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Emotet Malware in 2020

The new Emotet loader is examined and compared to the previous one, in terms of changes to the unpacking order, new unique properties of the files, and novel obfuscation methods.

Jan 7, 2021 | Ron Ben Yizhak

Emotet, the infamous malware botnet, went silent at the end of October and came back on December 21, 2020. The botnet continues to serve as a platform that installs other malware in the infected systems. Currently, it’s being observed delivering Trickbot. Lithuania’s National Public Health Center was hit by Emotet. The malware infected their internal networks and began downloading additional files, sending fake emails, and engaged in other types of malicious activity. This caused the institution to temporarily disable their email systems until the malware was removed.

We have been following the botnet operation. In the previous publications, we described the techniques used by Emotet to avoid detection by security products, and how to overcome them and unpack the malware.

In this blog post, the new loader of Emotet will be examined and compared to the previous one. We’ll describe the changes to the unpacking order, new unique properties of the files, and novel obfuscation methods. We’ll also talk about which evasion techniques and indicative features of the malware stayed the same.


  1. Execution flow – The malware is packed and there are several steps performed before the final payload is executed.

From the samples we recently gathered, the number of steps executed was cut down:

The reason for that is unclear, but our hypothesis is that the longer unpacking process was ineffective at reducing detection rates. Emotet uses a technique called reflective loading to load all of its stages. If a certain security product can detect reflective loading, using it multiple times won’t help to evade it. Another explanation can be that they are trying to evade heuristics that were created specifically for Emotet. The previous execution flow was very long and unique. If their malware is prevented by detecting this specific flow, changing it might help.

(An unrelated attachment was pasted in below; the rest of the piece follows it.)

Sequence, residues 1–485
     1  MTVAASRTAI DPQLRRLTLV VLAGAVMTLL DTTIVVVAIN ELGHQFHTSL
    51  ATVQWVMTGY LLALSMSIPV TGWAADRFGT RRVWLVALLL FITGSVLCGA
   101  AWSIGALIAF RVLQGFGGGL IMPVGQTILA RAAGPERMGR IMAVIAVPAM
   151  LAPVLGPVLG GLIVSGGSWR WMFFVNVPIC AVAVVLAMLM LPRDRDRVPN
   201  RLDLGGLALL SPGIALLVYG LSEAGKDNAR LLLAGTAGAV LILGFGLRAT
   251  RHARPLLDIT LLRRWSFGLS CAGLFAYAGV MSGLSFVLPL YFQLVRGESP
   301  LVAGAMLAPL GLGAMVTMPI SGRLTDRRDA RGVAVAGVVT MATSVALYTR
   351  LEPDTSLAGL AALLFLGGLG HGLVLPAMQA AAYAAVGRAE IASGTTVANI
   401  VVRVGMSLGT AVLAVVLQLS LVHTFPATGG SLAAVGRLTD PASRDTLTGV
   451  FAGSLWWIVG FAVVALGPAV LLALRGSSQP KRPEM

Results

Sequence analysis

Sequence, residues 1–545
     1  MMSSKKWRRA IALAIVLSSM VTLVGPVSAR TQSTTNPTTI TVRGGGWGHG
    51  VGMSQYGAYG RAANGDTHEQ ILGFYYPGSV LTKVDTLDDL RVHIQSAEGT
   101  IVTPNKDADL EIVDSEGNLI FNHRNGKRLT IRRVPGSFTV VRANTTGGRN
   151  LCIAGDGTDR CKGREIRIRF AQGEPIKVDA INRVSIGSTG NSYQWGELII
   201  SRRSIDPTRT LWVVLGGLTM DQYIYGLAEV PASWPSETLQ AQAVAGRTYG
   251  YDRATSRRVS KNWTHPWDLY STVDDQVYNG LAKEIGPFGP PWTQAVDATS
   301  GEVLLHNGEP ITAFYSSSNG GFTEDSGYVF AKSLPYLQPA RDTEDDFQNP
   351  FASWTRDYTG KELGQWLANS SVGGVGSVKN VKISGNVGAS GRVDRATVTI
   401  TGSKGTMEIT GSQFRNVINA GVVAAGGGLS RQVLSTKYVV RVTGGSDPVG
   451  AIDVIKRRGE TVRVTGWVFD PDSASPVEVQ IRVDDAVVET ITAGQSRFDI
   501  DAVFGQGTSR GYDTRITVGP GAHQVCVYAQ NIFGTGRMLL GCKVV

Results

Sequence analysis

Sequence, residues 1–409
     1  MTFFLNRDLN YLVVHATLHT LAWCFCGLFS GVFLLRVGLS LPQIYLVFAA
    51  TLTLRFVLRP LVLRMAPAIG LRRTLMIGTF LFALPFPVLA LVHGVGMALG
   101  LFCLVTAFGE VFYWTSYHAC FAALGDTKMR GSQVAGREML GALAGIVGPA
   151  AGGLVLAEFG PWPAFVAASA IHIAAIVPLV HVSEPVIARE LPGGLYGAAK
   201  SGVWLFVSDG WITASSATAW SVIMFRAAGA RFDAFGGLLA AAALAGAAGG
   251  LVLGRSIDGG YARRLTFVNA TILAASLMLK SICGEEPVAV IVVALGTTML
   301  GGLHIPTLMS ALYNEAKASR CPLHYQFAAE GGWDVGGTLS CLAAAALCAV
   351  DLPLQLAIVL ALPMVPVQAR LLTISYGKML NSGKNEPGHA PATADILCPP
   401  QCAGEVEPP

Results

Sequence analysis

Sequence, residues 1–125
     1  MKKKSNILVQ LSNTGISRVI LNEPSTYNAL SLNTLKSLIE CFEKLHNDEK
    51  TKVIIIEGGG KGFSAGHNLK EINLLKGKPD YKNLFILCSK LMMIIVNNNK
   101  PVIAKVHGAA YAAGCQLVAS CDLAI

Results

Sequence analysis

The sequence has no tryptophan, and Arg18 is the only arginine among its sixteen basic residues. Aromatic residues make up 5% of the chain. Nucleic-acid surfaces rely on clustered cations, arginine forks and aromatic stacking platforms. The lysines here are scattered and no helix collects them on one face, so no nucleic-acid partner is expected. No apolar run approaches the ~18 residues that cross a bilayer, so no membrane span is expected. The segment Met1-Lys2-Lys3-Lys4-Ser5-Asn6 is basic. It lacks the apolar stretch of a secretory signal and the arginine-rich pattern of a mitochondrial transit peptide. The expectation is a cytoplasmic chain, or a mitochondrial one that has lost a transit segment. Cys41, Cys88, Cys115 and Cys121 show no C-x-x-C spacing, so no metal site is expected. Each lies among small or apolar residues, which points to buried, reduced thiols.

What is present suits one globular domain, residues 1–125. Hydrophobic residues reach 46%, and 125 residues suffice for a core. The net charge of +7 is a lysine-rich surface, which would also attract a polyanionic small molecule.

2. The Loader – The loader went through a few changes, the first of which is switching from an executable file to a DLL. This DLL has unique exports: “RunDLL” and “Control_RunDLL”. This makes it possible to detect Emotet infections with EDR. If the process rundll32.exe was started with a parameter that matches the export, the system would be infected.
Samples can also be detected with the following YARA rule:

import “pe”

private rule emotet_exports
pe.exports(“RunDLL”) or pe.exports(“Control_RunDLL”)

private rule is_dll
pe.characteristics & pe.DLL

rule emotet
is_dll and emotet_exports

We noticed another important change from the samples we manually examined. It looks like some of them do not contain benign code. This technique was used by the malware to reduce the detection rate and bypass security products but has since disappeared.

3. Additional obfuscation – A new code obfuscation technique was observed in payloads extracted from the loaders. They set the value in local variables using many bit-wise operations instead of a single, simple operation. This form of obfuscation makes it is harder to understand the code without executing it and makes the debugging process more tedious.


1. Decryption algorithm – The payload is stored as an encrypted resource inside the loader. While performing the research on the previous wave of Emotet, we developed a tool that is able the decrypt and extract the payload statically, without executing the malware. This tool is still viable for recent samples, and this shows the developers did not change the algorithm.

2. Code obfuscation – In addition to the obfuscation described above, there is an obfuscation technique that also existed in the previous version of the payload. The code contains a complicated switch case and unnecessary jump instructions making it harder to understand the natural order of the code.

3. Hidden data – The payload conceals its functionality by not listing any WinAPI import or meaningful string. This subverts the static analysis and forces the researcher to debug the malware to discover this data. The strings are stored in an encrypted form, and the APIs are resolved using a hash of their name. The decryption algorithm of the strings and the hashing algorithm of the APIs stayed the same.

Practice Makes Perfect

By assessing the stages of 2020’s new trojan  of Emotet, the changes and new techniques used by the malware were identified along with the parts and features that have stayed the same.

Emotet is known as very evasive malware. These modifications indicate a desire to decrease their detection rate as much as possible. The techniques that were found useful for bypassing security products were kept, while the methods that were improved or removed are reflective of an agile methodology of improving on what isn’t sufficiently effective.

Keeping track of modifications in malware such as Emotet is vital because of their wide infection base. New evasion or injection techniques might help the malware to bypass security products and infect many systems.